Oftentimes, as a group of creative Ferris State University students discovered, understanding history can shed a little light on future opportunities.
Under the guidance of William Culpepper, assistant professor of Graphic Design at Ferris, students ventured into the Big Rapids community as part of a project designed to serve an educational purpose with a local benefit. Like many communities, Big Rapids is home to its share of buildings that are vacant or have been underutilized for one reason or another. Motivated by that reality, senior students in Culpepper’s Design Seminar class were tasked to explore alternative methods that could spark interest in the history and potential future use of three vacant buildings.
“The main reason I developed this assignment was to get the students out of the classroom to engage the community,” Culpepper said. “I wanted them to open their minds to the world and community around them. We can always ‘talk the talk,’ but I really wanted them to ‘walk the walk.’ Education can sometimes be a timid process and that was one of the reasons I wanted a project that would get the students out of the classroom and into a real-world environment.”
The buildings that were selected for the projects included: the old Gary Trimarco Automotive building, near downtown; the Pioneer Group building, north of downtown; and the train depot, on Big Rapids’ east side. Culpepper’s students projected images on the buildings – images related to the history of the facility – to create awareness of the properties and to attract the attention of passersby.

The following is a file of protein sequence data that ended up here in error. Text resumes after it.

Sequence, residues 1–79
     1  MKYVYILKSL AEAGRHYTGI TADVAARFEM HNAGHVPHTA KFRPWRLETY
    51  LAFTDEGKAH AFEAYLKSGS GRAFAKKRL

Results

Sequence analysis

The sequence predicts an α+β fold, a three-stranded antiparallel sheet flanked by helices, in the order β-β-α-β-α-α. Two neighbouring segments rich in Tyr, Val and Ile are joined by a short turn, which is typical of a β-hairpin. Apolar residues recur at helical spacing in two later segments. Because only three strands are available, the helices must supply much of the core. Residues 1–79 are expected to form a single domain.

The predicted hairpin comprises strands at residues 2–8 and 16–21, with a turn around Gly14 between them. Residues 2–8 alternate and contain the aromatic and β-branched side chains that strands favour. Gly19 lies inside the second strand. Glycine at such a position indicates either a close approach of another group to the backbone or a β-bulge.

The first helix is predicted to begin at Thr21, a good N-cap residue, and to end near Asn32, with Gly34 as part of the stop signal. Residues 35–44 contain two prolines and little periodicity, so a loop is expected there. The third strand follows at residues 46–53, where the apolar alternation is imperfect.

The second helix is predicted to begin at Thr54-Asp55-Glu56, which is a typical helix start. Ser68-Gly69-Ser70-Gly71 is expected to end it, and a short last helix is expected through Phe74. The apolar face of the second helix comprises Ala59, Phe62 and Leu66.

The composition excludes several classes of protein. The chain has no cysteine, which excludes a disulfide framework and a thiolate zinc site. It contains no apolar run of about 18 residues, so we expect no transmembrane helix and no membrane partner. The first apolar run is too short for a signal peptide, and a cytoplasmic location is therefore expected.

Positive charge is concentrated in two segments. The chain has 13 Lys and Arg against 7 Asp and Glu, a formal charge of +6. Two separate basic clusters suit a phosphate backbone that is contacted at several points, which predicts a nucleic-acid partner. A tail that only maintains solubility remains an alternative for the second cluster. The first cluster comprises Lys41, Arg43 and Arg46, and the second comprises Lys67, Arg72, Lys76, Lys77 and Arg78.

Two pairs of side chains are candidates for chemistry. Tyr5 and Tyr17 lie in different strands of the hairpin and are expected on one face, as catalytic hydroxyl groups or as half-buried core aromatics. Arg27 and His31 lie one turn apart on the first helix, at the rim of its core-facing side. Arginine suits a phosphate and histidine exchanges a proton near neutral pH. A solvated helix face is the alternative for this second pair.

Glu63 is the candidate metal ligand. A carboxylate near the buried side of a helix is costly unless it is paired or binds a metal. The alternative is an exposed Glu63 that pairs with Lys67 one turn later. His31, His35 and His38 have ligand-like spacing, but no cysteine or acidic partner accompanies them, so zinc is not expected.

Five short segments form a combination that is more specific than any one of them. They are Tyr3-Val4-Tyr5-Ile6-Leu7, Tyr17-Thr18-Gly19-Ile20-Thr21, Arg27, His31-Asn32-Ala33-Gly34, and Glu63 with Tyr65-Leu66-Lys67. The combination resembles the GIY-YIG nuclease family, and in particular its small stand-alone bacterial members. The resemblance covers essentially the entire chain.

“There is a lot of mystery and confusion surrounding a lot of the buildings in the Big Rapids area, and with more education about the spaces and how they could be used, buyers may be more apt to invest in the space,” said Sarah Sawtell, a senior from Temperance. “By presenting viewers of our projections with questionnaires we were able to measure how much impact we had on the community and how much knowledge they are gaining from the experience.”
Among factors in buildings that were selected included the visibility within the community, sufficient space to project an ideal-sized image, and the history of the facility. Divided into three groups of five, students conducted research that included library visits, conversations with the staff of the Mecosta Historical Museum and first-person interviews with employees who worked in the buildings.
“Our hope with the projections was that the community would recognize the buildings again, and even if not bought up, have the buildings be seen as part of the community,” said Grandville native Dawn Brink, a member of the Trimarco building group. “In the case of our building, people pass by the building every day and probably don't even think twice about it.”
Students expressed the belief that the project strengthened their interest in the Big Rapids area and its history.
“I have really enjoyed working on this project. To me, finding old, interesting history about something that I just thought was a plain building is always fun,” said Jessica Shirey, a senior from Custer. “I was excited to show our work off to the community because, from my knowledge, no one has done this before.”
Venturing in Big Rapids has another benefit: bringing the campus and community together with a practical purpose.
“I believe the goal of the projections is to let the community see what we, as students, do and to have more art and design around Big Rapids,” Shirey said.
For a first-time project, one that will likely continue for future classes, Culpepper was pleased with the efforts of his students.
“A lot of times students want to put together the perfect project and I reminded them that this was our first time doing this project,” he said. “We knew there were going to be some things we could learn. I think it turned out great, the students enjoyed it and had ideas of how to make it better for the future.”